I took a slightly different approach to this suggestion than the one Adler recommends. Instead of looking for chapters that seemed important to the book’s argument, I opted to read a summary of each chapter.

In the books I tried, the chapters didn’t have dedicated summaries, so I chose to read the first and last paragraphs and sometimes a bit more for context.

This suggestion was really time-consuming but enlightening. I discovered that, as I made my way through each chapter, I was able to see how each chapter played a role in the larger goal of the book. I plan to keep using this suggestion.

I also found that the notes I was taking for each chapter often weren’t what you’d expect based on the chapter’s title. I don’t think this is good or bad, but I found it interesting.

Turn the pages, dipping in here and there

I elected not to try this suggestion. After reading each chapter’s summary, I felt like I had a good understanding of what the book was about and whether it would serve my immediate needs. Your mileage may vary.

Additional suggestions

As mentioned above, I chose to read summaries of every chapter rather than only the chapters that seemed important to the book’s argument. I view this as a hedge against being wrong about which chapters are important. It takes a bit more time, but it felt worthwhile to me.

I also suggest looking at reviews on Amazon and Good Reads if you have the time. Personally, I ignore the 5-star reviews because they’ll say the book is great and the 1-star reviews because they’ll say the book is awful. I’m more interested in reviews that point out the perceived weaknesses of the book. 3-star and 4-star reviews are good for this. I also ignore any reviews that talk about irrelevant things like “the book didn’t automatically download to my Kindle, and I had to wait like 15 seconds ZOMG.”

Superficial Reading

A quote from Adler will sum this idea up quickly:

In tackling a difficult book for the first time, read it through without ever stopping to look up or ponder the things you do not understand right away.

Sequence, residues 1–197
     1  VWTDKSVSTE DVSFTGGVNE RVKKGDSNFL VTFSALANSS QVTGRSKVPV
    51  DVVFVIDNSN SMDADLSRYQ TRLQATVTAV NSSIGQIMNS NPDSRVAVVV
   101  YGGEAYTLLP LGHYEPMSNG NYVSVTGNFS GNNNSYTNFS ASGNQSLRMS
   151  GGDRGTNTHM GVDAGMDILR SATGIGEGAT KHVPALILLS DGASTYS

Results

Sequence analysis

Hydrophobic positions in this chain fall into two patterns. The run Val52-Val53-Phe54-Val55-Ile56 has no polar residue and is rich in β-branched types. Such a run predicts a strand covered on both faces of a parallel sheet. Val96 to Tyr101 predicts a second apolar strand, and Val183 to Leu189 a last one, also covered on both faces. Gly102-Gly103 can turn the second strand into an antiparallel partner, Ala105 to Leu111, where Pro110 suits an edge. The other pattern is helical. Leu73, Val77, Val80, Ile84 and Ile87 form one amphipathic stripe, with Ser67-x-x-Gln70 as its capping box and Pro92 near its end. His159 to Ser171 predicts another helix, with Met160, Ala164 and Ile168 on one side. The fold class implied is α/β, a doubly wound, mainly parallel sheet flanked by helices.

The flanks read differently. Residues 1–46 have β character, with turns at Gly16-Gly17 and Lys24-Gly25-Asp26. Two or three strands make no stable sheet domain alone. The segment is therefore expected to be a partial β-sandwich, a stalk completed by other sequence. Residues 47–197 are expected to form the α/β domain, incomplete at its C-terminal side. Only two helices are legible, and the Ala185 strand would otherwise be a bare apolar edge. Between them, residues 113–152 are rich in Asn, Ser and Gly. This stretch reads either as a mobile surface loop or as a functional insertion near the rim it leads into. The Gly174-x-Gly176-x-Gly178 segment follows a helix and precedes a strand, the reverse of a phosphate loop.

That’s all there is to it. If a book is difficult, you may need to read it more than once. Don’t worry about understanding everything on the first read. Each read will leave you with a better understanding than you had before.

If you’re interested, Augmenting Long-term Memory is a good example of superficial reading in practice, specifically the parts where the author talks about reading the AlphaGo paper.


This chapter gives us a system for effectively skimming through a book to decide what it’s about and whether it’s worth our time and some advice on handling books that are currently beyond our skill level.

These two skills seem useful in their own right, but I think their true utility will show up later when I get to the syntopical learning chapters, which makes sense. The more you read, the more opportunities you have to use these tools.

To systematically skim a book, try the following:

Remember that you have two goals:

Additionally, you can check out Amazon and Good Reads reviews for the book for some extra insight.

After reading this chapter, I decided to try inspectional reading out for myself on three books that I was planning to read after How to Read a Book:

I’ll share my notes from this exercise for each book in the next few days.

As always, I’m happy to talk more about anything here. Hit me up on Twitter.